I've written on a number of occasions over the years on how the liability position of Google and other intermediaries is shifting from a simple "I'm just a host, so don't look to me" to one of increasing responsibility.
In the Court of Justice of the EU's decision in Google Spain and Google, Inc vs. AEPD (Spanish Data Protection Authority) and Snr. Gonzalez, the Court was clear that Google, Inc was a 'data controller' and so within scope of European data protection law.
Yesterday, Google announced that it is shutting down Google News in Spain, responding to the forthcoming introduction - Happy New Year Google, on 1/1/15 - of the 'canon AEDE' which introduces a new statutory copyright limitation which allows the use of 'press snippets' but carries a price tag for intermediaries in the form of fair compensation. In fact, this follows on the heels of a change in German copyright law whose legal form is different but whose effect is the same.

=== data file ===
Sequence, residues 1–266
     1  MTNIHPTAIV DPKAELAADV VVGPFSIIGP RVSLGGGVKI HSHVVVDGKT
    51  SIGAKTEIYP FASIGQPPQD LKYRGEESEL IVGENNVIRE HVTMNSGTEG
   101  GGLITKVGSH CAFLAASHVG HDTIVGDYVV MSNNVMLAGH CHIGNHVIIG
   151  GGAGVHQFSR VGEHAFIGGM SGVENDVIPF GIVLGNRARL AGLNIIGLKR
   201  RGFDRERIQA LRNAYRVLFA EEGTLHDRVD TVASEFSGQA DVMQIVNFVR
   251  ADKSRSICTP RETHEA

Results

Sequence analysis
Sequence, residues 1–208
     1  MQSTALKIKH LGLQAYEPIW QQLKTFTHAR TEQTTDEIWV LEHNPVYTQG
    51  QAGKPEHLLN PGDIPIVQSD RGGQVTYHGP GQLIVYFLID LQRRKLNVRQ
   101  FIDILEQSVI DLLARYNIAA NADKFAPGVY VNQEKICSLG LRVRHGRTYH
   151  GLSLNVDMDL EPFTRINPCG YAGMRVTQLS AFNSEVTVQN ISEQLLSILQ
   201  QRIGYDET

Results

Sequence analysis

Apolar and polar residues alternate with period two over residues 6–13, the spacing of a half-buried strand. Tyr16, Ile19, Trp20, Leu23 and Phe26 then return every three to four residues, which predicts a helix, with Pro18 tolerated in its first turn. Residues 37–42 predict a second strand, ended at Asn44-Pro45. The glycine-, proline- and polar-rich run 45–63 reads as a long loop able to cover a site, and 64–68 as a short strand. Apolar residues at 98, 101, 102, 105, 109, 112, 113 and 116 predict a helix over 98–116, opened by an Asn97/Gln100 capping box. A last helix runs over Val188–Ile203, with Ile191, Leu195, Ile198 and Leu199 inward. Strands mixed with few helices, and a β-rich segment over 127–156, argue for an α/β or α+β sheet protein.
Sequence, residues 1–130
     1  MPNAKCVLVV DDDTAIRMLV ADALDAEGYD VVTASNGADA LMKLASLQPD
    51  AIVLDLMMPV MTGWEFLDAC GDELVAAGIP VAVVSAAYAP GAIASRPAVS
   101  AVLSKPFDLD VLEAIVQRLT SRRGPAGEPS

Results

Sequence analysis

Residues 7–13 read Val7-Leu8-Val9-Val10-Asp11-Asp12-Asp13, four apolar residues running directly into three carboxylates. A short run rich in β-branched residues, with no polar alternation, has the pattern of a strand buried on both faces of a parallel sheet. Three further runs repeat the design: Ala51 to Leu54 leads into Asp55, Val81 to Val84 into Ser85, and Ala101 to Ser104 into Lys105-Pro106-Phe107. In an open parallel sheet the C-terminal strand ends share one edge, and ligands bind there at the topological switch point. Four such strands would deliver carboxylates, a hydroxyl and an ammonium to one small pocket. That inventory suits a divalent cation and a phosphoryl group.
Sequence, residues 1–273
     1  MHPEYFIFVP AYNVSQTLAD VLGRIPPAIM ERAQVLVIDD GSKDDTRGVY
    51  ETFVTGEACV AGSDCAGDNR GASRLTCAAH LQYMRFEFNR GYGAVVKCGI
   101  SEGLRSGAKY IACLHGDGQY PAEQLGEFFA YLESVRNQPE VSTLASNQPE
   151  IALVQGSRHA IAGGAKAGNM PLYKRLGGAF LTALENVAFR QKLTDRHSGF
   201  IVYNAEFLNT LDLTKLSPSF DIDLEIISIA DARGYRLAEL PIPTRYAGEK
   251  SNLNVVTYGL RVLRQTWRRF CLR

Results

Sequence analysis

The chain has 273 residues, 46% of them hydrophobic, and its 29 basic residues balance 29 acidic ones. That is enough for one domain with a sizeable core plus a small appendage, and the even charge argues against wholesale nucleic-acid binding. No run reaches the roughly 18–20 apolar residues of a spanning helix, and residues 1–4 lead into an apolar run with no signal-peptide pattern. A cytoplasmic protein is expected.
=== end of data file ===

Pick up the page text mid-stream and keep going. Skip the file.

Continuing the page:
Not all press publishers welcome the legal changes as they fear Google switching off the service may result in a loss of traffic to their sites. But others warmly welcome the change and say it's about time that Google and other intermediaries started paying for the use of their content.
As it happens, I wrote on article on this subject which was published by Intellectual Property Magazine this week. So if you'd like to drill down into the detail, you can read it here, made available courtesy of the magazine:
As with many digital media relationships, partnership and collaboration is going to be the way forward - 'win, win' vs. 'win, lose'.
As this will be my last post of 2014, I'd like to wish all my readers Season's Greetings and very happy New Year.